It is hard, I know that success may be a reach but I believe in the value of what I’ve already crafted and that have to write it for myself, not anyone else. That is my way ahead as I also try to craft a new sense of self and make every day count whether it’s getting ready to fight in the ring, putting myself out there of diving deep into the story well to see what magic can be made. This is the journey spurred by my own challenges and sparked by the wonder travel has shown me that I have to make real, even if it is only to myself.
So just go out there and make the best choice you can now, don’t worry if it works or not just be doing something, just have a goal and do your best. That’s all anyone can ask for. That goal will crystallize your thoughts and your actions, make sure that your actions are focused towards whatever that goal is and know that no matter what happens it will be worth it as long as you learn something that you know you will apply when the next problem or challenge comes across your path.
So from one indecisive guy to the next let’s show ourselves that we can make our choices count no matter what that choice is and from however many options are available to us when you make your choice.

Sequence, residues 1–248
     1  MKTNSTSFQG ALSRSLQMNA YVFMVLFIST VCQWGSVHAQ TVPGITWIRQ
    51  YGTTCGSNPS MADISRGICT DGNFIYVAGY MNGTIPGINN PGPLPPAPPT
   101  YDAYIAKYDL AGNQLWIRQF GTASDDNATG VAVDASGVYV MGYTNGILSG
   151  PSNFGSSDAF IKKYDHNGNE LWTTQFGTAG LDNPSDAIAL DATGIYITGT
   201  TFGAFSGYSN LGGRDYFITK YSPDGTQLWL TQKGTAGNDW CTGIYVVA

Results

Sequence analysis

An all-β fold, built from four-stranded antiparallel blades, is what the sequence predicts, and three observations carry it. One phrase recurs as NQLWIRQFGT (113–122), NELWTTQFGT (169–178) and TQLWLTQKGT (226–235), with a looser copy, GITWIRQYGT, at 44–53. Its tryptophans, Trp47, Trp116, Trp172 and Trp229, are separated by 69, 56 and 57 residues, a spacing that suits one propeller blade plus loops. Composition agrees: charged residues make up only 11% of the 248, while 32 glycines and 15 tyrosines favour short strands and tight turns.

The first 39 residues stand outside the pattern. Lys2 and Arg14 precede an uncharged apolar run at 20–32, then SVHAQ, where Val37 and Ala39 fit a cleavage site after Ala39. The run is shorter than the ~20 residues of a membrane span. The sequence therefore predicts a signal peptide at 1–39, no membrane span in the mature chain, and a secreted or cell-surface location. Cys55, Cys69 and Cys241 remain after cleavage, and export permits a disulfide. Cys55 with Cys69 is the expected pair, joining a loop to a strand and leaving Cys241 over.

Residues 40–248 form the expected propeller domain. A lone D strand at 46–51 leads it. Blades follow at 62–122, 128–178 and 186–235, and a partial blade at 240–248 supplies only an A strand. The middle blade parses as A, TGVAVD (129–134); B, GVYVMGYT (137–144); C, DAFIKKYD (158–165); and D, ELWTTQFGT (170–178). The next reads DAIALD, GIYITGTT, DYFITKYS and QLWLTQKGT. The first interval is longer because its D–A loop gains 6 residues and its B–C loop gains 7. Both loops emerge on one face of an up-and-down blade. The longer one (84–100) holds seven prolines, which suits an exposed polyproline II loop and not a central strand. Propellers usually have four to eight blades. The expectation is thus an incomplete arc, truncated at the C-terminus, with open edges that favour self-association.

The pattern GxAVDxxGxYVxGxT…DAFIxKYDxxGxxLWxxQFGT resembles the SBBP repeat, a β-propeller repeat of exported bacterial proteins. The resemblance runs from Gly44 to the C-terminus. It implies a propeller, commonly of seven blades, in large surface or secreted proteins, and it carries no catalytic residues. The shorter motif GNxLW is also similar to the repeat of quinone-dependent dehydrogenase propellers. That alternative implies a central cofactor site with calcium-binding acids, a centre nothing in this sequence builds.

It’s hard to be dedicated to something, I know that because I’ve always kept my foot in one door and the other out in case it all went to hell. It’s not impossible to be dedicated while making other plans but I find it much simpler and more focused to just go for it.
In the last 5 weeks doing Muay Thai I’ve seen the dedication that the fighters who will be in the ring give and the Thai’s where it is their life. I can’t give that kind of dedication but what I will do is show up if I can walk. That is half the battle. I will not make it a habit to skip a session because to do so is to show that I am not putting the time into it.
I can’t always give 110%, being physically active in such frequency is still so new to me, exhausting and a punch to the gut. In some ways you have to be stubborn, not willing to give into the doubt you have or that others have about you.
I was talking to one guy the other night, one of the fighters who always had an intensity I could never approach. In a session I move to music and when asked to count during stretches I sing the numbers or do it in a radio voice. I do it because I am sick of being forgotten and what this guy said is that when he first saw me he hated me, or at least he thought I was a stupid piece of shit.